Background: Hyperferritinemia-cataract syndrome (HCS) is a rare Mendelian condition characterized by bilateral cataract and high levels of serum ferritin in the absence of iron overload. Methods: HCS was diagnosed in three adult siblings. In two of them it was possible to assess lens changes initially in 1995 and again in 2013. Serum ferritin, iron, transferrin concentrations and transferrin saturation percentage were also measured, and the Iron Responsive Element (IRE) region of the L-ferritin gene (FTL) was studied. Results: Serum ferritin concentrations were considerably elevated while serum iron, transferrin and transferrin saturation levels were within the normal range in each sibling. Cataract changes in our patients were consistent with those previously reported in the literature. Progression of the cataract, an aspect of few studies in this syndrome, appeared to be quite limited in extent. The heterozygous +32G to T (-168G>T) substitution in the IRE of the FTL gene was detected in this family. Conclusions: Ophthalmic and biochemical studies together with genetic testing confirmed HCS in three family members. Although the disorder has been extensively described in recent years, little is known regarding cataract evolution over time. In our cases, lens evaluations encompassed many years, identified bilateral cataract of typical morphology and supported the hypothesis that this unique clinical feature of the disease tends to be slowly progressive in nature, at least in adults.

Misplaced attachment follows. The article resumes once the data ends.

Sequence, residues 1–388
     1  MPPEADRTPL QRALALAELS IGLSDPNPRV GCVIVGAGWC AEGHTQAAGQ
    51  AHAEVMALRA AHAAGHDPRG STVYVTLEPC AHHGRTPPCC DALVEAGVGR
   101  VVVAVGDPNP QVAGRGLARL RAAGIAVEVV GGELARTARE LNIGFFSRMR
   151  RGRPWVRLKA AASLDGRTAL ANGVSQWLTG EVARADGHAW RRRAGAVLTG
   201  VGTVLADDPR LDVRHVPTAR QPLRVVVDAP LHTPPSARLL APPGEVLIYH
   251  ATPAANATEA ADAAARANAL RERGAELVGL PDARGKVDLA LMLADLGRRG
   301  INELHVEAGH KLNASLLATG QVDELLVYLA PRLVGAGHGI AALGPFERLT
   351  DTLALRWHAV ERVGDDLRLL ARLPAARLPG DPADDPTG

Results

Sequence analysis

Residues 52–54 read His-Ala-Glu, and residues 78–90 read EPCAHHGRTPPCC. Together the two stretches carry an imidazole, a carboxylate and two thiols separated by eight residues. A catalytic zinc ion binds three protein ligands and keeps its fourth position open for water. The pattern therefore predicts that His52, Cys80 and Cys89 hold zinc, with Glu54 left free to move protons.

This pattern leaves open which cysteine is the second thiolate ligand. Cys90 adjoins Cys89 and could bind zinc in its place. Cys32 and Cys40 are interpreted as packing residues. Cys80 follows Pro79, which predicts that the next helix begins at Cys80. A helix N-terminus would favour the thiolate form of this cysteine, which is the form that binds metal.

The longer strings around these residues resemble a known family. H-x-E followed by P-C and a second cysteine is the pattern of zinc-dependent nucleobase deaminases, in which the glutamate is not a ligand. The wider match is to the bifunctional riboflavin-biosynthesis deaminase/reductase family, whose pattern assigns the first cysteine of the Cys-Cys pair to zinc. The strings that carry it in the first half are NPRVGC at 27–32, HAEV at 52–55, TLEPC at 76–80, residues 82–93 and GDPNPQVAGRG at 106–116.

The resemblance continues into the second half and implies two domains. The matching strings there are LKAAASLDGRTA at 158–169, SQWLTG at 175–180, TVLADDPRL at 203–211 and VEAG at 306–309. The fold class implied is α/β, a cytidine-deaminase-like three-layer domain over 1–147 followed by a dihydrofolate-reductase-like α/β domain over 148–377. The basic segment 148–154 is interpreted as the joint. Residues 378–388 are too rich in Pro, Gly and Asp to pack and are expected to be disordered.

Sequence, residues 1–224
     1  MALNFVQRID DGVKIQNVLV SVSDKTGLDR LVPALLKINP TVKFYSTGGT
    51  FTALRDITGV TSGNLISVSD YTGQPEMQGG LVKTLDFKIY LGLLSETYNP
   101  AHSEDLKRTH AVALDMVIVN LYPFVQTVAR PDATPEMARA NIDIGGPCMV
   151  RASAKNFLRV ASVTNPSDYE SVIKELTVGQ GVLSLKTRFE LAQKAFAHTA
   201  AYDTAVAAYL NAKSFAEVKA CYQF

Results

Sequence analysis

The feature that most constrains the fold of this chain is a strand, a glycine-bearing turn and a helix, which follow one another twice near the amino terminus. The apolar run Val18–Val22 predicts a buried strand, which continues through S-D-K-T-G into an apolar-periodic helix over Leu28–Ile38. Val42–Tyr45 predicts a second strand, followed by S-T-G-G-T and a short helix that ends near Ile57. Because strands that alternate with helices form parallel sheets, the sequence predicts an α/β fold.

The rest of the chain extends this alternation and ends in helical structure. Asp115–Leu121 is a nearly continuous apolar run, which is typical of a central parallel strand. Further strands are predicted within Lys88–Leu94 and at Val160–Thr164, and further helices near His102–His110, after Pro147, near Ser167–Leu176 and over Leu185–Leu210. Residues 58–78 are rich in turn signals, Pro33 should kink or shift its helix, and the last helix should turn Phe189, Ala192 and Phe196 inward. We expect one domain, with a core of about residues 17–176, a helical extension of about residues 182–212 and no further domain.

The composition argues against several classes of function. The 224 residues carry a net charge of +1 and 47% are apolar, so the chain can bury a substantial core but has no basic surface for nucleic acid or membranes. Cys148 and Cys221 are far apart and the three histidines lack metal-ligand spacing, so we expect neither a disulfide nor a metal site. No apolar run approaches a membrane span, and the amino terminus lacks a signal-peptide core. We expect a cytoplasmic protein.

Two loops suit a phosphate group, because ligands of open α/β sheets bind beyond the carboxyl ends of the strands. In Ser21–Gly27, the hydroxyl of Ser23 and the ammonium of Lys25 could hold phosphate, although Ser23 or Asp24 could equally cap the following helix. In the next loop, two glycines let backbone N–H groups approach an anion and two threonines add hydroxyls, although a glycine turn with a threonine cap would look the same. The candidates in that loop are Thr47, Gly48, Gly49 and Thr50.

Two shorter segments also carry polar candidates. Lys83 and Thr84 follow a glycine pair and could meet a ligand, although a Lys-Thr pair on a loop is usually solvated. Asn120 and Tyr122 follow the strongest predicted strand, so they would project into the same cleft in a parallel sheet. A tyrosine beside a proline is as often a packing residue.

- hyperferritinemia-cataract syndrome
- iron responsive element
- L-ferritin gene